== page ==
In my latest post, I revealed that, in the shadow story of Pride & Prejudice, Mrs. Reynolds has been lying, lying, and lying some more to Lizzy about Darcy.
My friend Diane Reynolds, who is a very sharp elf indeed, wrote the following in Austen-L and Janeite in response: "Yes, indeed, I can see very clearly a third reading I had not
perceived in which Darcy gets himself introduced to the Gardiners in
London and prevails upon them to manage getting Lizzy to Pemberton."
Diane, get ready for the fourth knife edge---Darcy and Mr. Gardiner go back a
LOOOOOOOOONG way..... don't you see? Who grew up in Lambton (a small
country village, where everybody knew everybody), and has been married to
Mr. Gardiner for many years??????????????????????? ;)
Diane: "It all works amazingly well: the sudden change of plans from
visiting the Lakes, even though Lizzie thought they could still manage
it--and once again, characteristically, we are led to believe Lizzie is
being unrealistic, but what if she wasn't?--Mrs. Gardiner's pushy
insistence that they visit Pemberley, Mr. Gardiner's lingering to watch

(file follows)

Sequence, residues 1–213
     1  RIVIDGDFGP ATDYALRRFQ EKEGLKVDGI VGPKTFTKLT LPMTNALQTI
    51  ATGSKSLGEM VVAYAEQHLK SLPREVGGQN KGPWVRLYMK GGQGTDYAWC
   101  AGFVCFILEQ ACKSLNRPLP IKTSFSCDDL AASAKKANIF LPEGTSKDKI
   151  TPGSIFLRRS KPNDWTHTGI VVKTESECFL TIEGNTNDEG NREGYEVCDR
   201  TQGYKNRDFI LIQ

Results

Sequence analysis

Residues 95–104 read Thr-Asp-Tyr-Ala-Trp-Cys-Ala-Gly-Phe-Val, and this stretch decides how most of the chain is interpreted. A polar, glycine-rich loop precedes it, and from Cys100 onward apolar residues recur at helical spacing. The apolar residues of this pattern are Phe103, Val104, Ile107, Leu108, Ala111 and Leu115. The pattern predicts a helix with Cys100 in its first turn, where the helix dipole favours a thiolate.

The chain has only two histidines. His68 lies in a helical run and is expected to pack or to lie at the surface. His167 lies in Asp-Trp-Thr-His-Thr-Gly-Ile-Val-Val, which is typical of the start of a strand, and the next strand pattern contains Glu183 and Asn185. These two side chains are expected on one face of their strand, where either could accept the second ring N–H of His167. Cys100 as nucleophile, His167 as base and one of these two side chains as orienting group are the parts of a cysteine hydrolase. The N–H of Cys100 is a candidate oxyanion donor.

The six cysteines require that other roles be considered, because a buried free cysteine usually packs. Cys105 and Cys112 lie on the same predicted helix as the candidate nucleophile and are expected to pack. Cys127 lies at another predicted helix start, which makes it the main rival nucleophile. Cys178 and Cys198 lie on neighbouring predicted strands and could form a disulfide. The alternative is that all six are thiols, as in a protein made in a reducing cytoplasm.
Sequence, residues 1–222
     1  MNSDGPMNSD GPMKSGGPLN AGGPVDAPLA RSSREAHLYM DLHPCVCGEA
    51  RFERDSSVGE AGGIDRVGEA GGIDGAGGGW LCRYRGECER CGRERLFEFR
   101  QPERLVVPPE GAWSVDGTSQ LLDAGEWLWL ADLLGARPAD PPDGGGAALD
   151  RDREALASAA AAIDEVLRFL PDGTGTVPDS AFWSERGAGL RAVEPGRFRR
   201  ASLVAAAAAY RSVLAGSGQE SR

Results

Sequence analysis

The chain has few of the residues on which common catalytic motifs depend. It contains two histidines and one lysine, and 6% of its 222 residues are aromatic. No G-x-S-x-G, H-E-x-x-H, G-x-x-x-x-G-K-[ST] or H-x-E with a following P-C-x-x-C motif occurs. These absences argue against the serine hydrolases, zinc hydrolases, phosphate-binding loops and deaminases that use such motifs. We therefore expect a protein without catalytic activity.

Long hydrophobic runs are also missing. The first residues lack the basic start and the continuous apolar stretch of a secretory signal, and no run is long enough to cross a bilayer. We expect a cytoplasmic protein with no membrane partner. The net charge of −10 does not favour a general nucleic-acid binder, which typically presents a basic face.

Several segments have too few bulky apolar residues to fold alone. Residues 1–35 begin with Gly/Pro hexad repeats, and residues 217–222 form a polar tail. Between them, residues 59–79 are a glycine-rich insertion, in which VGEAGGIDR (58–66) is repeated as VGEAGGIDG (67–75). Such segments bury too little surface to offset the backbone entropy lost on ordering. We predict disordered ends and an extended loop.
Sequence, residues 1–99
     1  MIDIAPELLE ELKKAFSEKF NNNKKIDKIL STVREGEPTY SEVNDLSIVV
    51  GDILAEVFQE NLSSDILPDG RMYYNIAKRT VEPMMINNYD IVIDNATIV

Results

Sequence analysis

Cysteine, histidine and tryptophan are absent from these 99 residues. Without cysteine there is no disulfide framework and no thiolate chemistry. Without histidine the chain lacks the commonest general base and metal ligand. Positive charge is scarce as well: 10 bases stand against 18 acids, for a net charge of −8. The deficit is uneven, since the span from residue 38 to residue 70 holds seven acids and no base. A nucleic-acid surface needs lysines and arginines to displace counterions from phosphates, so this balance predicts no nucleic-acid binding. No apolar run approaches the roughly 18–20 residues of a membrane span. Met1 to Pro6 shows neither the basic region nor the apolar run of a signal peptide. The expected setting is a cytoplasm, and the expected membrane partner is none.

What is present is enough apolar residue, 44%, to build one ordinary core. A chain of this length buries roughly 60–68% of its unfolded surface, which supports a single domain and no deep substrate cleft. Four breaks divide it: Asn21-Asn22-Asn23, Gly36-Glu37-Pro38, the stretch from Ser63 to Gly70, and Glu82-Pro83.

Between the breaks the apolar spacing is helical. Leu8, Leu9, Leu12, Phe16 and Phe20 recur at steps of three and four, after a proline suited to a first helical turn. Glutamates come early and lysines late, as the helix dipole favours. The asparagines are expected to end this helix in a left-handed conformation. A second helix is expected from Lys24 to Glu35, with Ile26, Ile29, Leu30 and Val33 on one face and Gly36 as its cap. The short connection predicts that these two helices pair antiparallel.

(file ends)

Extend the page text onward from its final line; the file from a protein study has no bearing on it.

the trout, Mrs. Gardiner's tiredness, undercut by her ability to go out
that evening, yes, it all works."
Yes. yes. Yes. Yes. Yes. It is a beautiful thing, and it would amaze me
that others didn't seen it before i did. But then I realize, it was
decoding Emma's shadow story that prepared me to decode P&P's.
Diane: "In that case, Mrs. Gardiner's asides to Lizzie become
Shakespearean --they are part of the joke in which she already has met
Darcy but is teasing Elizabeth. This is dramatic irony taken to a new
level, in which neither the character nor the reader knows what is going
You are so right--just recall the scene in Much Ado About Nothing in which
Beatrice is tricked into thinking Benedick is only pretending to dislike
Diane: "Now my question is, is Lydia's elopement part of the plot? "
Of course! Did you really think that Lydia just blurts out Darcy's
attendance at her wedding? She was playing her part in the Lizzy Show as
And there's more....but that's for another time.
It's a beautiful thing.
@JaneAustenCode on Twitter
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